Barrentine also claims that the statements were improperly admitted because the government did not timely disclose them pursuant to Fed.R.Crim.P. 16.
Defense counsel received the officer's report six days before the beginning of the trial. The report was four pages long. The government turned it over as soon as it received it. The officer testified late the fourth day of trial. Barrentine has shown no prejudice from receiving the report when he did.
Hand objects to the admission into evidence of several documents purportedly showing that he was employed by Houdaille Industries in Jacksonville, Florida, at the time of the "Frances Louise" incident. An employee hiring card, a termination slip, and two forms from the Florida Bureau of Unemployment Compensation were introduced through the testimony of a security officer of Houdaille Industries. Hand argues that these records were improperly admitted under Fed.R.Evid. 803(6), the business records exception to the hearsay rule, because they were introduced without proper authentication. The security officer was not a qualified witness under the terms of Rule 803(6). He simply had access to the files of closed companies of Houdaille Industries. He was not the custodian of records. He did not work in the personnel department where such records were made, and he did not know the record keeping requirements of the company. He could testify only that he knew that the employee hiring cards were used.
We find, however, that the error was harmless in light of the evidence against Hand. See Williams v. Zahradnick, 632 F.2d 353, 360-65 (4th Cir. 1980). The business records corroborated the government's evidence that Hand provided access to the offloading site. Proof of that act was not necessary in order to convict him. He guided trucks carrying marijuana to a rendezvous at his farmhouse with other conspirators. Then, to elude Florida police, he led to conspirators over back roads to Georgia. The evidence was sufficient to enable a rational trier of fact to find that Hand was guilty. We conclude that the error did not influence the jury's verdict.
Porter makes several assignments of error concerning his conviction under count 34 of engaging in a continuing criminal enterprise. He contends that the court erroneously admitted evidence of incidents that occurred before the date alleged in the indictment, creating an impermissible variance between the indictment and the proof offered at trial. He also contends that the court erred in admitting evidence of a Florida drug offense that extended beyond the date in the indictment. He argues that the Florida offense was improperly offered as one of the predicate offenses for the continuing criminal enterprise. Finally, he contends that the court improperly sentenced him for the conspiracy convictions in addition to his sentence for the continuing criminal enterprise conviction.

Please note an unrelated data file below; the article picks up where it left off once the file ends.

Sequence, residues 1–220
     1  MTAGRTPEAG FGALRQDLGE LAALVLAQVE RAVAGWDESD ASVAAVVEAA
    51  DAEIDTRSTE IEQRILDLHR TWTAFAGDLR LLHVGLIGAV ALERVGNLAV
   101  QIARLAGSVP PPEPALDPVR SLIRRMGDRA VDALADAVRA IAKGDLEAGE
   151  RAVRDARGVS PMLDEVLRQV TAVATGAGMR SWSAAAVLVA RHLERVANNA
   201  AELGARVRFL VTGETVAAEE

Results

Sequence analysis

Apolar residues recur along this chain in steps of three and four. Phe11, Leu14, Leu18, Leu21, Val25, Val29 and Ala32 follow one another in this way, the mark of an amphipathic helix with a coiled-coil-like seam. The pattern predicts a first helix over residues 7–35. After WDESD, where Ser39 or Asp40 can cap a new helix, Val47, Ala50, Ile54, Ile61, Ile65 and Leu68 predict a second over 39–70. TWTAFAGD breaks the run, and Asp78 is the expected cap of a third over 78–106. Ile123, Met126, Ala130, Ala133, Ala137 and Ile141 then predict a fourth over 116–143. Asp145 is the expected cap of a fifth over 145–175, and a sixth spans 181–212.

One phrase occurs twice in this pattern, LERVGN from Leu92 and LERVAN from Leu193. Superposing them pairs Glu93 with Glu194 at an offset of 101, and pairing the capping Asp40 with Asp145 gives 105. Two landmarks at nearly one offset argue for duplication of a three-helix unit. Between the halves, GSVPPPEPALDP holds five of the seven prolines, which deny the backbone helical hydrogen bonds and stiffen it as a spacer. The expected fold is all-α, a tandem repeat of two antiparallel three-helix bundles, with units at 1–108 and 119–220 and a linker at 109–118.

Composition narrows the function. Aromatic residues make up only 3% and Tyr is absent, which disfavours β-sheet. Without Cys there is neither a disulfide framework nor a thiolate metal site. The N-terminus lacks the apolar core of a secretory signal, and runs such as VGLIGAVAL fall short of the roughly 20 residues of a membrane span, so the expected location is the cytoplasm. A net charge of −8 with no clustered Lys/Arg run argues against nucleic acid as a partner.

Count 34 of the indictment alleged that "from on or about September or October 1980 and continuing thereafter and including June 1982" Porter engaged in a continuing criminal enterprise. The government offered evidence of two drug transactions that had occurred prior to September 1980. The first occurred in the spring of 1980 and the second in August of 1980. Porter was not indicted for either of these incidents. The trial court admitted the testimony under Fed.R. of Evid. 404(b) as showing "motive, knowledge, and state of mind." We find no abuse of discretion.
The Florida guilty plea was admitted for the purpose of meeting the series element under 21 U.S.C. § 848(b)(2) of the continuing criminal enterprise charge. We find no error. Although Porter actually plea guilty some time after November 1983, the events that led to the Florida charges occurred between May and July 1982. Thus proof of those events extended only one month beyond the date alleged in the indictment. The district court noted that the variance between the indictment and proof was slight. The government put Porter on notice through a bill of particulars that it would include those events in its proof for count 34. Finally, Porter's convictions in counts 2, 4, 7, 8, 26, and 29 more than sufficed to meet the § 848(b)(2) series element. See United States v. Sterling, 742 F.2d 521, 526-27 (9th Cir. 1984).
We agree with Porter, however, that the court erred in sentencing him for the conspiracy convictions. The court sentenced Porter to 75 years on the continuing criminal enterprise conviction. It imposed concurrent sentences on the conspiracy convictions. Congress did not intend that an individual be punished under both § 846 (conspiracy) and § 848 (continuing criminal enterprise). United States v. Garrett, 471 U.S. 773, 794, 105 S.Ct. 2407, 2419-20, 85 L.Ed.2d 764 (1985); Jeffers v. United States, 432 U.S. 137, 154-58, 97 S.Ct. 2207, 2218-20, 53 L.Ed.2d 168 (1977) (plurality opinion). Therefore, Porter's sentences for his conspiracy convictions, counts 1, 18, 19, and 24, must be set aside. In Part VI we reversed the conviction of conspiracy charged in count 16.